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Why am I fat? Part 2 in a series.

If you fail, it’s your own goddamn fault

When is the last time you heard someone say “I was doing great on my diet, but then some maniac kidnapped me, tied me down, put a gun to my head, forced me to eat a dozen pieces of pizza, and told me that if I ate anything healthy ever again he was going to kill me and my whole family”? Never, right? Because that would be insane. But it would probably also make for a blockbuster rom-com.

How about “I was doing great on my diet, but then I ruined it by having a couple of Oreos, so I said fuck it and ate two extra large pizzas and a tub of ice cream and I’m a failure so I’m just not going to bother any more”? It happens, a lot. And it’s just as insane.

I partially blame this all-or-nothing 110%-all-the-goddamn-time attitude on society and the media, but that’s a rant for another time. Perfection is the enemy of progress.

Unfortunately, I personally still prefer cheesecake to broccoli, and probably always will. So I’ve had to figure out ways to let myself have the things I love without turning into a cheap parody of Jabba the Hutt, but without the hot slavegirl (note: I am accepting applications for the currently vacant position of slavegirl. The Contact Us link on the left works just fine). It turns out that staying on track most of the time but still letting yourself indulge a little occasionally is a lot more maintainable and fun than the 110% on/off mentality that many people seem to have.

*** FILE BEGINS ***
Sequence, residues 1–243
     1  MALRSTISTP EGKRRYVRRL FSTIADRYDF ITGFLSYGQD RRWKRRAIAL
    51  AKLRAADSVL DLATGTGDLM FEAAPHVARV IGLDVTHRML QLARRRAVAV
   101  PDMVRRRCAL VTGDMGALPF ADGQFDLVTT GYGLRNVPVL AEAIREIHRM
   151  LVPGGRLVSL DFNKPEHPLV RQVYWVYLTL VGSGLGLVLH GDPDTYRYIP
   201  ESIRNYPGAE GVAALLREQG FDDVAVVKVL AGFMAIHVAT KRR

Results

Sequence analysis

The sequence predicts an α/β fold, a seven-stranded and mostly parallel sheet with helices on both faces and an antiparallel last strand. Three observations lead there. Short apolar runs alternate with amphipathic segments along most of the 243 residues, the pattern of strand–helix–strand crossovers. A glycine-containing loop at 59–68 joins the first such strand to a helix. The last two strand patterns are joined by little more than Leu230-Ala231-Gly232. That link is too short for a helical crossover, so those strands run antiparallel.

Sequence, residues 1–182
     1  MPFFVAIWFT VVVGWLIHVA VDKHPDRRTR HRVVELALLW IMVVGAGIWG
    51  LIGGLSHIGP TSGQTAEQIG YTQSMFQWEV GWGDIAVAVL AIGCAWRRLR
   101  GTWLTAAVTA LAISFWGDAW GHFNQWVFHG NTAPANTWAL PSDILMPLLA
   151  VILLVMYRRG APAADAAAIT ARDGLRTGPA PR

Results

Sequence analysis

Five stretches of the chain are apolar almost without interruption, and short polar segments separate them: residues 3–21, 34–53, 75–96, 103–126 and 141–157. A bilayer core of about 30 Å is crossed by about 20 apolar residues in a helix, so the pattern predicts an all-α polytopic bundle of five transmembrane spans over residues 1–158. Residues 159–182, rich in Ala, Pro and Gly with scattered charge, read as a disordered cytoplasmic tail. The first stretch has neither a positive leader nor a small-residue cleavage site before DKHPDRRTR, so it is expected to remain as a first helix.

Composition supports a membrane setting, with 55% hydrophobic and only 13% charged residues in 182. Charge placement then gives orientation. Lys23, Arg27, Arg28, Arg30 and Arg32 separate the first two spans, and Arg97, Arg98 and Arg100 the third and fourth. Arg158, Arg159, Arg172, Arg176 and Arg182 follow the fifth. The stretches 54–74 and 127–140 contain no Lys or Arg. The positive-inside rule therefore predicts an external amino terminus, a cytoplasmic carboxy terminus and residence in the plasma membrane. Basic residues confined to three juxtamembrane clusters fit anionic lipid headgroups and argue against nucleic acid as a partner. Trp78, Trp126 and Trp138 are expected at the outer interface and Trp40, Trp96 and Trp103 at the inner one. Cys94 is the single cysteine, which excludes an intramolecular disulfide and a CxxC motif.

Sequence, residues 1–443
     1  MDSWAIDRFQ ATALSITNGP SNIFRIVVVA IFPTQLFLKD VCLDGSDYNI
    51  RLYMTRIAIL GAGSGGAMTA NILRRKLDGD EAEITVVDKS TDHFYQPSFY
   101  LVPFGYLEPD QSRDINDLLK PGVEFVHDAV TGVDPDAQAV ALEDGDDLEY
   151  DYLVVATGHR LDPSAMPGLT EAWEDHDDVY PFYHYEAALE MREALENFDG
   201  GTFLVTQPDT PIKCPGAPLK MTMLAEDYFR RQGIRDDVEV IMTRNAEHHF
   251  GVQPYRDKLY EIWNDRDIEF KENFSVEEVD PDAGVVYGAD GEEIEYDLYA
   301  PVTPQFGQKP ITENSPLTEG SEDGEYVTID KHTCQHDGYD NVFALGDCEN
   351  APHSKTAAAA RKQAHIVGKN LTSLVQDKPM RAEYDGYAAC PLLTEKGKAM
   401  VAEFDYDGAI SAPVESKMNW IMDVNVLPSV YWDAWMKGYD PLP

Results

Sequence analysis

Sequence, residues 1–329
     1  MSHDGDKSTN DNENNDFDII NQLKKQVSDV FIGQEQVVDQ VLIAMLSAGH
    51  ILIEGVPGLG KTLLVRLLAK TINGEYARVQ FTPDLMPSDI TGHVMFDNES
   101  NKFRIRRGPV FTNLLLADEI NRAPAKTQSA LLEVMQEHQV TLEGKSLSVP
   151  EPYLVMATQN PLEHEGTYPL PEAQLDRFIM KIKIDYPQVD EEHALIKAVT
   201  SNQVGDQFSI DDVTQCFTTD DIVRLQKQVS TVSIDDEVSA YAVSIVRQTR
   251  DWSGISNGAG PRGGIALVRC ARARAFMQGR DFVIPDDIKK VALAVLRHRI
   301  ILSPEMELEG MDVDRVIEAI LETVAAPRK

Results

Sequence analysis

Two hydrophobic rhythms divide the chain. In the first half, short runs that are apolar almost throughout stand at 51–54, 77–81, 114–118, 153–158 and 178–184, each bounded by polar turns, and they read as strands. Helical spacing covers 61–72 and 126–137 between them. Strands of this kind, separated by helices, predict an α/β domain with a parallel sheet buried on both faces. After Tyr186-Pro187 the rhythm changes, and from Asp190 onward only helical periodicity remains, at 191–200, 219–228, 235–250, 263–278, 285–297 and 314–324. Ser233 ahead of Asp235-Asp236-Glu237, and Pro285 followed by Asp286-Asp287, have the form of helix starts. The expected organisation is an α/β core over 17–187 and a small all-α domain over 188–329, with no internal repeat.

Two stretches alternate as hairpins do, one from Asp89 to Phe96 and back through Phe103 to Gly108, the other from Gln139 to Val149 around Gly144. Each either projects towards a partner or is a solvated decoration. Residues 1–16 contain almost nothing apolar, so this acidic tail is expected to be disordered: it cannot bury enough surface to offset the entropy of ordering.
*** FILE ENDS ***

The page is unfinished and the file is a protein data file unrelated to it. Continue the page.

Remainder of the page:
When you fail, when you give up, it’s your own goddamn fault. When you quit, that is your choice. No one else’s. You were lazy.

You decided that “this is just too hard, and I don’t care enough” and that change was less important than comfort. And if that is what you want to do and be, own it. Don’t blame anyone else, and don’t make up excuses. If you are going to be a fat, lazy slob, be the best goddamn fat lazy slob that you can be. Don’t let anyone make you be less fat or lazy. Who gives a shit about health anyways, right? But you haven’t failed until you quit.

If it’s worth doing, you will push through the discomfort of changing things. You will look at the habits that cause you to fail, and work on changing them. Oh, and that whole “21 days to form a habit” thing you hear all the time? Mostly bullshit. Research1 suggests that takes somewhere between 18 to 254 days to form a solid habit, with an average of 66 days for fairly simple ones.

So, give it three months. At least. And if you eat an extra oreo cookie? That’s about an extra 15 minutes on the treadmill or exercise bike. If you eat two entire pizzas and a tub of ice cream? That’s two weeks worth of hard work and dedication wiped out. Either way, you can choose to do one of two things afterwards: fail, or pick yourself up and continue. You haven’t failed until you quit. So don’t quit right now, no matter if you slipped a bit or not. Sleep on it first.

But if you choose to fail, don’t blame someone else. Figure out what it is inside you that made you choose to fail. And maybe work on that first. You can always give it another shot later.

It’s your choice.


Footnotes:
  1. Lally, P., van Jaarsveld, C. H. M., Potts, H. W. W. and Wardle, J. (2010), How are habits formed: Modelling habit formation in the real world. Eur. J. Soc. Psychol., 40: 998–1009. doi: 10.1002/ejsp.674

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